Tom Hall was inclined to reckon so too—but that was after he’d been chaffed for a month about the three War Crys.

The Pretty Girl was discussed from psychological points of view; not forgetting the sex problem. Donald Macdonald—shearer, union leader and labour delegate to other colonies on occasion—Donald Macdonald said that whenever he saw a circle of plain or ugly, dried-up women or girls round a shepherd, evangelist or a Salvation Army drum, he’d say “sexually starved!” They were hungry for love. Religious mania was sexual passion dammed out of its course. Therefore he held that morbidly religious girls were the most easily seduced.

But this couldn’t apply to Pretty Girl in the Army. Mitchell reckoned that she’d either had a great sorrow—a lot of trouble, or a disappointment in love (the “or” is Mitchell’s); but they couldn’t see how a girl like her could possibly be disappointed in love—unless the chap died or got into jail for life. Donald decided that her soul had been starved somehow.

Mitchell suggested that it might be only a craving for notoriety, the same thing that makes women and girls go amongst lepers, and out to the battlefield, and nurse ugly pieces of men back to life again; the same thing that makes some women and girls swear ropes round men’s necks. The Pretty Girl might be the daughter of well-to-do people—even aristocrats, said Mitchell—she was pretty enough and spoke well enough. “Every woman’s a barmaid at heart,” as the Bulletin puts it, said Mitchell.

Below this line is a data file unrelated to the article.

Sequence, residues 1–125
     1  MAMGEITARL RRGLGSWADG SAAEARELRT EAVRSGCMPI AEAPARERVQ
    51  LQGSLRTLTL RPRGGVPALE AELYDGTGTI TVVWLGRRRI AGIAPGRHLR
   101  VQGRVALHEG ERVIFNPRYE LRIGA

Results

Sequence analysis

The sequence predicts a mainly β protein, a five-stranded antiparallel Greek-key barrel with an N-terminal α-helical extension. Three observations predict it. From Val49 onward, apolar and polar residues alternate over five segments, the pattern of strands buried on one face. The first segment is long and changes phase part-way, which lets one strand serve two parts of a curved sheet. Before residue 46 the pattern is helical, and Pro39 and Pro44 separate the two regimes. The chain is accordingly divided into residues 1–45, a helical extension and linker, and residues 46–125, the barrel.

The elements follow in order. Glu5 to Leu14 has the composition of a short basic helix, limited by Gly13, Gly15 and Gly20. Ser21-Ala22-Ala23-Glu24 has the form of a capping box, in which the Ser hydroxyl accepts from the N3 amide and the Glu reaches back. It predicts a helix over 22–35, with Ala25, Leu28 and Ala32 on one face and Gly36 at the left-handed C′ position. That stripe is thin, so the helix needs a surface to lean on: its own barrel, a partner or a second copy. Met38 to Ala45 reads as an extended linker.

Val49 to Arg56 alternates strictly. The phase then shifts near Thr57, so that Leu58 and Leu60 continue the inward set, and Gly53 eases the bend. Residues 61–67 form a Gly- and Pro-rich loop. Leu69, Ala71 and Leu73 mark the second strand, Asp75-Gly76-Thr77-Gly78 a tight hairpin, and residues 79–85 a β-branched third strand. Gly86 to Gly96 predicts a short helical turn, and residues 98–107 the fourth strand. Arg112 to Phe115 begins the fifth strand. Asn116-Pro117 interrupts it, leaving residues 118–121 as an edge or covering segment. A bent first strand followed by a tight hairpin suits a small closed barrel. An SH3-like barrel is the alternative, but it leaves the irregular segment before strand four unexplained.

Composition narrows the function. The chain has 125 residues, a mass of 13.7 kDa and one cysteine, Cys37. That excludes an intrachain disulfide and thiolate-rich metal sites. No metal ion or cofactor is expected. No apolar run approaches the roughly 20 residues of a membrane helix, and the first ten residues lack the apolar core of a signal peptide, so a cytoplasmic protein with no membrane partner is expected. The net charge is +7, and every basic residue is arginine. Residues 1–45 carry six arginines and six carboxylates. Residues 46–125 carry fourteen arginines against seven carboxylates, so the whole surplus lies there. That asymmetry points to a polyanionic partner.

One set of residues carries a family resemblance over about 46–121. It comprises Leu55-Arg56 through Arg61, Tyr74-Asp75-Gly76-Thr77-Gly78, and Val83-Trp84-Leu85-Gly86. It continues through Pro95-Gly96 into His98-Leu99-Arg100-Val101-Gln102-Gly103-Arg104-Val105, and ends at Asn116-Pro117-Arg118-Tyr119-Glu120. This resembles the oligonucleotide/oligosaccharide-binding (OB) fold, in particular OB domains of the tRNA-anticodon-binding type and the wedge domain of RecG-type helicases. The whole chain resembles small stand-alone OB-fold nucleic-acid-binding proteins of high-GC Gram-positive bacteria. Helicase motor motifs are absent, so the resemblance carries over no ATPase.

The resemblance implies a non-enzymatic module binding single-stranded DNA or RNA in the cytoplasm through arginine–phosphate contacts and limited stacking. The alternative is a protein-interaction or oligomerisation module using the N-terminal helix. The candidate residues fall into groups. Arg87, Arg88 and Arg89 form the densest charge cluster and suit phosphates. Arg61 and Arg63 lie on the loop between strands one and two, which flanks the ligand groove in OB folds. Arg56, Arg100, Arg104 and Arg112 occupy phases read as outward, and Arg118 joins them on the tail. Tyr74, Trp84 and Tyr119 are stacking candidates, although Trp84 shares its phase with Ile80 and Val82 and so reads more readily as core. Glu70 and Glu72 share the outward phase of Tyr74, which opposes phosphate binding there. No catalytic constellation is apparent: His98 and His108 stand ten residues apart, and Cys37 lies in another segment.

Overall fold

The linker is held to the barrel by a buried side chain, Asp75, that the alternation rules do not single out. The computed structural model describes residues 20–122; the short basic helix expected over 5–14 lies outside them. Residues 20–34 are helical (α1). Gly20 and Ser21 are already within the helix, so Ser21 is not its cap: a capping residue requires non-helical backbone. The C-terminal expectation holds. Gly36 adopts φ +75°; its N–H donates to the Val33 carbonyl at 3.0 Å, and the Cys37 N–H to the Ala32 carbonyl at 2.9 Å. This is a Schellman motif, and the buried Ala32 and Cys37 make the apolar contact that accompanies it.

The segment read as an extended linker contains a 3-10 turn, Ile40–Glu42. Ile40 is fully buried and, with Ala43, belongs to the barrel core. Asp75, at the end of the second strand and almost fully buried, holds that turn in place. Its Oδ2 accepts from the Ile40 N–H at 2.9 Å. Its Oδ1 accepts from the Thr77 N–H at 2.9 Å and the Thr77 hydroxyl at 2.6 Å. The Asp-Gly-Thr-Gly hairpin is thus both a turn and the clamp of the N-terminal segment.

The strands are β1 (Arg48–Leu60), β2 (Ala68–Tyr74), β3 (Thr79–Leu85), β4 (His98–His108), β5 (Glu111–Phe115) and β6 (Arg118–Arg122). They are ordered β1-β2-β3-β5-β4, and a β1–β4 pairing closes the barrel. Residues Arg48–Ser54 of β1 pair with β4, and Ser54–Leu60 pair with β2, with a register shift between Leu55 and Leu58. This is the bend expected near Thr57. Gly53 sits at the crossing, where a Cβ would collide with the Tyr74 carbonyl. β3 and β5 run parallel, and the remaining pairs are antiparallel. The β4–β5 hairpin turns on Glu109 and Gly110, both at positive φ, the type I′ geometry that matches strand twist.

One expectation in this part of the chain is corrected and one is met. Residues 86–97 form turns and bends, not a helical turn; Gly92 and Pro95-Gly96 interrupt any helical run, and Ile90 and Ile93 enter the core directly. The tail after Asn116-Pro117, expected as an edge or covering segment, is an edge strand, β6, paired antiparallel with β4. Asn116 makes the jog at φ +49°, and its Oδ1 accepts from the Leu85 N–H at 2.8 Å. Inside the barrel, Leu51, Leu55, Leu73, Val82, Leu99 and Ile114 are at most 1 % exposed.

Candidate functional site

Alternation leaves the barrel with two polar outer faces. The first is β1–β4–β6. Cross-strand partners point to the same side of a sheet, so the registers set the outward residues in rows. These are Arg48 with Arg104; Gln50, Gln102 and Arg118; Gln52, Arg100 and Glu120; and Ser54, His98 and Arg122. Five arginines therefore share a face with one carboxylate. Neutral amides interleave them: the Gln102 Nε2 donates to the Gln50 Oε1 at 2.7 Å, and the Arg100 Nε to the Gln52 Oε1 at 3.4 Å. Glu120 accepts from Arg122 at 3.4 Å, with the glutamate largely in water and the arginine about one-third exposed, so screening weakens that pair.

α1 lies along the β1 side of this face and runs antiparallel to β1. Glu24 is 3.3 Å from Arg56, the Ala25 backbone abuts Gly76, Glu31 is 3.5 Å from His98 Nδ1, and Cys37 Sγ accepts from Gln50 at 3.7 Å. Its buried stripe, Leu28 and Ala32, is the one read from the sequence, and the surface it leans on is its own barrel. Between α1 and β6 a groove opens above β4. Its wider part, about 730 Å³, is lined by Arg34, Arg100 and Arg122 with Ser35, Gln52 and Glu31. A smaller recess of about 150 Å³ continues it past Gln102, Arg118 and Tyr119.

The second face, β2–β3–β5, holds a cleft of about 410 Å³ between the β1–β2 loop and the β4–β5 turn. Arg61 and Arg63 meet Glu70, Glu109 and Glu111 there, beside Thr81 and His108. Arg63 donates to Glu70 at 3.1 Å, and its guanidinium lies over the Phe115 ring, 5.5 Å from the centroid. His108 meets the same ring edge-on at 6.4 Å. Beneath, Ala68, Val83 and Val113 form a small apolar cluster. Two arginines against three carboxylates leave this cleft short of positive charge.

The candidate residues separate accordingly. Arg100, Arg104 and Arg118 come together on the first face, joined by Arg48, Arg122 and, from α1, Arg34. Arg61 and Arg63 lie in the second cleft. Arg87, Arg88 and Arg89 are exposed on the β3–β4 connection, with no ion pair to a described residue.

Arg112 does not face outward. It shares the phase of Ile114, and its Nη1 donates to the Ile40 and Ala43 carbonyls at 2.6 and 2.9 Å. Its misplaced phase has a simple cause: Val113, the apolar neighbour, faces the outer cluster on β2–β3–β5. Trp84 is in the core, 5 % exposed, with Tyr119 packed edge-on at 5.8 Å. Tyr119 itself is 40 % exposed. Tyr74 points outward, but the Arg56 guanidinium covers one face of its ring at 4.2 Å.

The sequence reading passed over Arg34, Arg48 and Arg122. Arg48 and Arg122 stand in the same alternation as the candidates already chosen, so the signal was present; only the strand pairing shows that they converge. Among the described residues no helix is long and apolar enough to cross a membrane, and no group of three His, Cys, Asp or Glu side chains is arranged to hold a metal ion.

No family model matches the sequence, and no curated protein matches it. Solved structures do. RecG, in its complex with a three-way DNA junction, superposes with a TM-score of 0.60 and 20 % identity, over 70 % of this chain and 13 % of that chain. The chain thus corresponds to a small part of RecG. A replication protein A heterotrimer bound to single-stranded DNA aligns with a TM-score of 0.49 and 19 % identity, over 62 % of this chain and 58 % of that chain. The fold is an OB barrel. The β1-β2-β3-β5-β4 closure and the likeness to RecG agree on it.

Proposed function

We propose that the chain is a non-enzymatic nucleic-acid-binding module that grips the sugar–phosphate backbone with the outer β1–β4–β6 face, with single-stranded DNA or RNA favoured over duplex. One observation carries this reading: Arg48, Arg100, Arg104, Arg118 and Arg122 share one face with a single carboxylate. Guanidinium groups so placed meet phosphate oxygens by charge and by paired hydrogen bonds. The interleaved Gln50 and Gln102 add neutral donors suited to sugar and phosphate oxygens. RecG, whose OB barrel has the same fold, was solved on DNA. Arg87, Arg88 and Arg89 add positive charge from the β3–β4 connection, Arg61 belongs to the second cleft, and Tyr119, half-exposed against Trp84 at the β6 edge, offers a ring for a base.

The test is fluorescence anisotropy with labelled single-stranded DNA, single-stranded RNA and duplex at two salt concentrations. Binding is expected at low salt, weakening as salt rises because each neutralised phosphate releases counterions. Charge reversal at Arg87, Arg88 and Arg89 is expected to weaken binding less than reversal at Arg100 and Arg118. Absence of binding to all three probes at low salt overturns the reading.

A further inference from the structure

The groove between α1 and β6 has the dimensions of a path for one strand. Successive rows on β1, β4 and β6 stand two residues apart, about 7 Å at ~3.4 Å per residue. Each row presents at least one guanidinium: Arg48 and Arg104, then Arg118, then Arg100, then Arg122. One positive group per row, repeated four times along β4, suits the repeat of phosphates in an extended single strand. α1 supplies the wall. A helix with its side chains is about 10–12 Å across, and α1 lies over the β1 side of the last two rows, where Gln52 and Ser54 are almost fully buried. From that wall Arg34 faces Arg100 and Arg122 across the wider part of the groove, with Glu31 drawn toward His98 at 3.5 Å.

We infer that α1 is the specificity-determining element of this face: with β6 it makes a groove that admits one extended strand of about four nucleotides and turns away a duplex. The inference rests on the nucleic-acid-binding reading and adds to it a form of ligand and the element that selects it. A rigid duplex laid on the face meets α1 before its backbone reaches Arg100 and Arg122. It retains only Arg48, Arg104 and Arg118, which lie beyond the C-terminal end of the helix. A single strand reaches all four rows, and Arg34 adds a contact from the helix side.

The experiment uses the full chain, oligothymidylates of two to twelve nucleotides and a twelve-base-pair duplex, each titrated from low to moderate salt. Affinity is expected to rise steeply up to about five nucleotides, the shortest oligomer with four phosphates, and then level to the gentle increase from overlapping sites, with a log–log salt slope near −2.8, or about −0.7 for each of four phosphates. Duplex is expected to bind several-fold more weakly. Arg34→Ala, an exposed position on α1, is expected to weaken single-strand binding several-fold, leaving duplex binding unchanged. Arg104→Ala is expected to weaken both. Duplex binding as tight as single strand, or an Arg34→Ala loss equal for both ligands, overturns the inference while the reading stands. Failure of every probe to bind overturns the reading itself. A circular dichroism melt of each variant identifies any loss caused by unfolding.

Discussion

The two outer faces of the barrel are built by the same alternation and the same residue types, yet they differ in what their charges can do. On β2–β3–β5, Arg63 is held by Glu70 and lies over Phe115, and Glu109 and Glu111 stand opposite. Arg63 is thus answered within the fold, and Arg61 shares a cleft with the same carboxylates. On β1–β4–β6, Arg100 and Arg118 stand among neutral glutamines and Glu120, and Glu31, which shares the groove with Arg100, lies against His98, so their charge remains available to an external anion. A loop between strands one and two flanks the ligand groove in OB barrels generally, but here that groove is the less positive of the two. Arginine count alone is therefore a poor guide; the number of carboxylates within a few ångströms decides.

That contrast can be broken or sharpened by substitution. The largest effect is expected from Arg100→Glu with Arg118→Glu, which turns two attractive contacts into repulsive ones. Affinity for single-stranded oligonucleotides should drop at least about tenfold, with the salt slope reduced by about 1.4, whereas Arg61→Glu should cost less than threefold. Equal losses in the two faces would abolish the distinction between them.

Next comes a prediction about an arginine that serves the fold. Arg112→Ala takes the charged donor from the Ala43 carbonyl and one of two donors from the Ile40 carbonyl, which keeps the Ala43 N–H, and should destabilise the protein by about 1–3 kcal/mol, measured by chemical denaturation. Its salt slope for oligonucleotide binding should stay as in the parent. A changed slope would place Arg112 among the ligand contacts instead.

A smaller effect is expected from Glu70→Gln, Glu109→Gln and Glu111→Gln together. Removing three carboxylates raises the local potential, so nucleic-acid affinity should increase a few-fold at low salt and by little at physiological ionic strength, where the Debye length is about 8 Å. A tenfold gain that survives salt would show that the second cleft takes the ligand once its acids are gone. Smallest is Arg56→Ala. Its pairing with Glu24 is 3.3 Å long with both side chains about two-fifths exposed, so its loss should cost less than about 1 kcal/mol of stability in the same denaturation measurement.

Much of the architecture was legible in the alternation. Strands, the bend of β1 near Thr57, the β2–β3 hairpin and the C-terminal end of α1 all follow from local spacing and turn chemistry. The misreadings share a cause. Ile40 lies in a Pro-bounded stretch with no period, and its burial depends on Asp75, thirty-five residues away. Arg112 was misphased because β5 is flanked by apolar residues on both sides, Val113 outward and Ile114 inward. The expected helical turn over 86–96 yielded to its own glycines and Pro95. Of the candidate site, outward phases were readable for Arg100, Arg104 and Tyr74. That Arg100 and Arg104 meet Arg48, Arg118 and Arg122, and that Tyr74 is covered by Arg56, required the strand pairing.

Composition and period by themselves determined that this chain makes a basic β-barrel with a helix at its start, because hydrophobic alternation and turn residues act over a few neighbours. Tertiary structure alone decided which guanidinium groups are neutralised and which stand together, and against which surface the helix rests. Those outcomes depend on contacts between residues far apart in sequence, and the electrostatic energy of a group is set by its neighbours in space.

But not even one of the haggard women of Bourke ever breathed a suspicion of scandal against her. They said she was too good and too pretty to be where she was. You see it was not as in an old settled town where hags blacken God’s world with their tongues. Bourke was just a little camping town in a big land, where free, good-hearted democratic Australians, and the best of black sheep from the old world were constantly passing through; where husband’s were often obliged to be away from home for twelve months, and the storekeepers had to trust the people, and mates trusted each other, and the folks were broad-minded. The mind’s eye had a wide range.